25 Jul 2013

After a long gestation, Prince George delivers an infant recovery

I am in Rugby’s Automotive Insulations Limited factory that, simply put, supplies the soft furry noise absorbing bits in cars.

I’ll hold my hands up here. I’d never have imagined there was much money to be made in this market. But here amid the machine presses and moulds shaping soft foam parts for Jaguar, Land Rover and Bentley, is the pure story of Britain’s return to growth.

Jim Griffin who runs the company and owns a chunk of it, nearly walked away when the financial crisis savaged car sales. He might have fired a large chunk of the 40 staff. Instead, at the point where no-one was buying cars, he used the then government’s Train 2 Gain scheme to train up his shopfloor staff to NVQ level. He also changed strategy, chasing higher-value 3D designs and developing new materials with better noise absorption.

The cheaper pound helped, as did the relative calm in the eurozone crisis. Now sales have more than doubled, and staff by the end of next year will have increased five-fold. He is exporting, expanding and innovating (Mr Griffin is evangelical about a programme run by Goldman Sachs to mentor SMEs). He should soon graduate from being an SME. There is something almost Germanic in the company’s Mittelstand-style growth and niche cunning.

George Osborne spent the past 24 hours touring the nightshift across this area, from bakers, to road-builders to Tesco. The chancellor has every reason to start to feel rather optimistic, on his own terms. The recovery was broad-based in Q2, with all sectors contributing to a 0.6 per cent Golidlocks number: not too cold, not too hot. On the back of this he has line up pro-growth reforms to monetary policy and banking policy.

Fiscal policy has already been bent (within Plan A’s remarkable flexibility) to boost growth. The next major fiscal event, the autumn statement this winter, will see the OBR upgrade growth projections and downgrade borrowing projections for the first time.

Interviewing the chancellor after these figures, he was, for now, cautious, telling me: “The economy is on the mend but we still have a long way to go. Of course, at the heart of what we’re doing is still making sure the public finances are in order, that there’s not a catastrophic loss of confidence in the British economy as there has been in many European economies.

“We’ve achieved that, but we’re also creating a more competitive economy, more balanced, where businesses like this can grow, can hire people and take people on and you see that in the fact that over a million jobs have been created in the private sector. So we’re absolutely determined, we know we’ve got a way to go but we’re determined to stick to our plan and British people I think have held their nerve.”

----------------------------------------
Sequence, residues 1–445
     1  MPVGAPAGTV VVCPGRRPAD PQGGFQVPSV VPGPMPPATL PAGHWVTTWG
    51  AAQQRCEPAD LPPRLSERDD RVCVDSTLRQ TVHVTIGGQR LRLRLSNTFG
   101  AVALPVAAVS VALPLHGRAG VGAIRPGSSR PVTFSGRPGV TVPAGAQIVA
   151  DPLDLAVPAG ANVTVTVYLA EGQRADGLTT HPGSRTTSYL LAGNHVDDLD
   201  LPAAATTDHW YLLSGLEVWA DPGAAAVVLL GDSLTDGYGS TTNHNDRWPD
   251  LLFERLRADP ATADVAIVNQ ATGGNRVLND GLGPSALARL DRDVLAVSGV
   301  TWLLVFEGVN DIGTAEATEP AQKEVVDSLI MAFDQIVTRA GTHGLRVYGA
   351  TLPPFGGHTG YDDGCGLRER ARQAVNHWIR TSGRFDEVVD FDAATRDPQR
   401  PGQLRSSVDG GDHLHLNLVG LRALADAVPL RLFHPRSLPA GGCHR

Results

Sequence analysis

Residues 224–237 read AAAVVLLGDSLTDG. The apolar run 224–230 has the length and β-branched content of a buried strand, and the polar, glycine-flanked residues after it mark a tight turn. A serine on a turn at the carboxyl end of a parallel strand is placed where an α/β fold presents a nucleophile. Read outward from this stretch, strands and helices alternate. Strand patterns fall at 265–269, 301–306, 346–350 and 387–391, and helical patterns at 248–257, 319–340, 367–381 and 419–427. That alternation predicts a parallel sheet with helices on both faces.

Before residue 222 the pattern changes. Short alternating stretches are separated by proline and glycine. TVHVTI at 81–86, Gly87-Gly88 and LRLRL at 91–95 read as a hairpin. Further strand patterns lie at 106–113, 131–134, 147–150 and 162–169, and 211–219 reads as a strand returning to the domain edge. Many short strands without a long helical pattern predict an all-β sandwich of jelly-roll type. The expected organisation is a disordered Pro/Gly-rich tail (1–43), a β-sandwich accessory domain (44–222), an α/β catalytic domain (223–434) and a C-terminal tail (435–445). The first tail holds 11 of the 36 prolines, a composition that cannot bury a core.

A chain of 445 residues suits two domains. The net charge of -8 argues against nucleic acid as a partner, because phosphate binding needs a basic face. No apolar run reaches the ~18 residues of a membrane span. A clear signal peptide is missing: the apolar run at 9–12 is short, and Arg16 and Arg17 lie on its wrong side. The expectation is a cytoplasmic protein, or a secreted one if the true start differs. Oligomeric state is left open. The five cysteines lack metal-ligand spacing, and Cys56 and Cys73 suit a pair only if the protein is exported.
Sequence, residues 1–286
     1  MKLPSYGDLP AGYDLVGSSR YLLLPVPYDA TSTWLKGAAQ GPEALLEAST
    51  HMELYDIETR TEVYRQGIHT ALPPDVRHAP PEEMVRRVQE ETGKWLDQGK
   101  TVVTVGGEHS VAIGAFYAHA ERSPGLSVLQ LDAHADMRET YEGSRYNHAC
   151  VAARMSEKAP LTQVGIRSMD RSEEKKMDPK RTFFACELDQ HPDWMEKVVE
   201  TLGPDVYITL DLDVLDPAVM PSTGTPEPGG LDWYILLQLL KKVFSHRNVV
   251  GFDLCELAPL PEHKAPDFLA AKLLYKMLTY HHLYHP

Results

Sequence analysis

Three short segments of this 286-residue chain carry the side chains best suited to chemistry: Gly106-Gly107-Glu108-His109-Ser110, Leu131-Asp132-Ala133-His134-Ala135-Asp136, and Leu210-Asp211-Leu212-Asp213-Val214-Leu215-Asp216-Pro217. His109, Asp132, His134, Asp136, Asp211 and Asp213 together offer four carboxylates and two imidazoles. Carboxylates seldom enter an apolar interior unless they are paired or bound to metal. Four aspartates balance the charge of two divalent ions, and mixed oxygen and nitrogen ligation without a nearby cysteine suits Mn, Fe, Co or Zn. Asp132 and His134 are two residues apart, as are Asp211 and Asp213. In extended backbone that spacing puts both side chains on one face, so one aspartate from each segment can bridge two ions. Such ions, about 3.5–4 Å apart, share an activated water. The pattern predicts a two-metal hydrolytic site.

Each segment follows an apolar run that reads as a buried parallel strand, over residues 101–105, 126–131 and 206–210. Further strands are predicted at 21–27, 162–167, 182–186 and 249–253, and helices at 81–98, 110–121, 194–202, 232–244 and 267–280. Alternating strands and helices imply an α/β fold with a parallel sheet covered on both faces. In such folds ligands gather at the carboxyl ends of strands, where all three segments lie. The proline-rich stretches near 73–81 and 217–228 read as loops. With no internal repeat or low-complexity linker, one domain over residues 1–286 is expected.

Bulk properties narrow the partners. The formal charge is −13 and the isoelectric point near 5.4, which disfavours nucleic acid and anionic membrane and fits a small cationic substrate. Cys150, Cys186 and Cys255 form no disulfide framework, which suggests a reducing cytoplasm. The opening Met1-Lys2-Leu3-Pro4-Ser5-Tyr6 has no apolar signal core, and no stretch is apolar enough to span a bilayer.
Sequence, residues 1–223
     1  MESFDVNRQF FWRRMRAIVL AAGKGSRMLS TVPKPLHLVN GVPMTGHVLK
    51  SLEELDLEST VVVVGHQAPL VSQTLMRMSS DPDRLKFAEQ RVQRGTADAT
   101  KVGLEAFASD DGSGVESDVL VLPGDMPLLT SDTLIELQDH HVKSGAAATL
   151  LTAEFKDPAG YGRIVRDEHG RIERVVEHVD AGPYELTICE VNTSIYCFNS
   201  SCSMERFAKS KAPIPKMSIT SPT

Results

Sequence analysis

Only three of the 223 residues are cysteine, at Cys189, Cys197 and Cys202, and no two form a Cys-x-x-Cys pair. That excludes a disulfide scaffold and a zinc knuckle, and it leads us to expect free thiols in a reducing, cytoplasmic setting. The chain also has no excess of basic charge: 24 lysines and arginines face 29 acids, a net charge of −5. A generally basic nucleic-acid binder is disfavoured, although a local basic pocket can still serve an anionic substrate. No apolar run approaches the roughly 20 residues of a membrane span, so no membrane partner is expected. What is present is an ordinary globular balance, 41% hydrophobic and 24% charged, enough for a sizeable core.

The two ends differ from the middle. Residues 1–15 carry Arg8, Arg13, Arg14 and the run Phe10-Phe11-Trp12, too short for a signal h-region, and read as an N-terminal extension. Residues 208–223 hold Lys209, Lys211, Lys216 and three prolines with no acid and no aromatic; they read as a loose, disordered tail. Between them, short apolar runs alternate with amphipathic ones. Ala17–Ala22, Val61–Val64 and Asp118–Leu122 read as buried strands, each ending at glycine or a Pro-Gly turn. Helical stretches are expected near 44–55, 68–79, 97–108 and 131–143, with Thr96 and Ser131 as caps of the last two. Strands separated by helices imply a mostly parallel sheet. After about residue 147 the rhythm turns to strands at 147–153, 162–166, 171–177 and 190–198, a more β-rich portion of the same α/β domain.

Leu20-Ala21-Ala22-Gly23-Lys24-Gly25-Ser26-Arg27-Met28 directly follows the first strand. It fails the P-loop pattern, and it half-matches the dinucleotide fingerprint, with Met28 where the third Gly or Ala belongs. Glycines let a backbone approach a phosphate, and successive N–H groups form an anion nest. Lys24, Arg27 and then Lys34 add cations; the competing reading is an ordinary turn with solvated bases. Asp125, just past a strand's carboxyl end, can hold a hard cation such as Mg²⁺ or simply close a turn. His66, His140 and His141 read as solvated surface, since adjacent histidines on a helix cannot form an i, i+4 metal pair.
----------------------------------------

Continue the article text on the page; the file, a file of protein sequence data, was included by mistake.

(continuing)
I put it to him that the recovery he had presented was a two-speed recovery. He had abandoned rebalancing to boost property ahead of an election. The chart from the ONS below showing the sunlounger-shaped slow recovery still 3 per cent below peak, decomposed into services back at 2008 levels, and construction and production (manufacturing) 8 per cent and 4 per cent below 2008 levels is rather instructive. Conservative advisers would blame (a difficult?) Labour for unsustainable pre crisis growth. Labour would blame austerity for the lost growth.

So why is the chancellor boosting housing and property, or expecting a primarily monetary stimulus to work? Mr Osborne pointed out that housing transactions were still only half their peak level, no sign of a bubble. I also suggested that the recovery had been built on the back of squeezed real pay by ordinary nightshift workers in his filming opportunities.

“I met a lot of people working incredibly hard through the night. Here in this depot in Daventry, in a bakery in the Birmingham area, on the M6 doing road repairs. What struck me about all those people is they’re incredibly hard-working people trying to provide for their family, and everything I’m going to do as chancellor is to help those people. Those are the people I have in mind as we move from rescue to recovery as we try and build an economy that works for everyone.”

Except the hard work really does only start now. Speaking to Mr Griffin, you see there are still challenges, huge challenges, around recruiting skilled engineers, even as youth unemployment remains near records. Finance for tooling is still an issue. Even if these GDP growth levels remain, they will probably not feel much like recovery for large swathes of Britain. And Mr Osborne and Mr Carney still face that tricky dilemma of squaring the recovery rhetoric, with still expecting Bank of England stimulus.

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2 reader comments

  1. Philip Edwards says:


    “…we’re also creating a more competitive economy…”

    But of course we can’t be TRULY competitive unless pay rates drop below sweat shop rates in the so-called Third World.

    But also of course, profits rates mustn’t drop to the same level. Oh no.

    Or something.

    Next time, tell Georgy Gideon Boy to keep taking the tablets.

  2. Andrew Dundas says:

    Policies that are working are those Osborne has previously condemned as “failures”.

    Those designated “policies of failure” remain the devaluation of the Pound – so far by 23% (BIS trade weighted) – and the Bank of England’s policy of purchases of our own Government Bonds. Both were legacies from the previous Government’s policy.

    The steep devaluation of the Pound has undoubtedly helped Jim Griffin’s company. Pity it was never part of Osborne’s Plan A.

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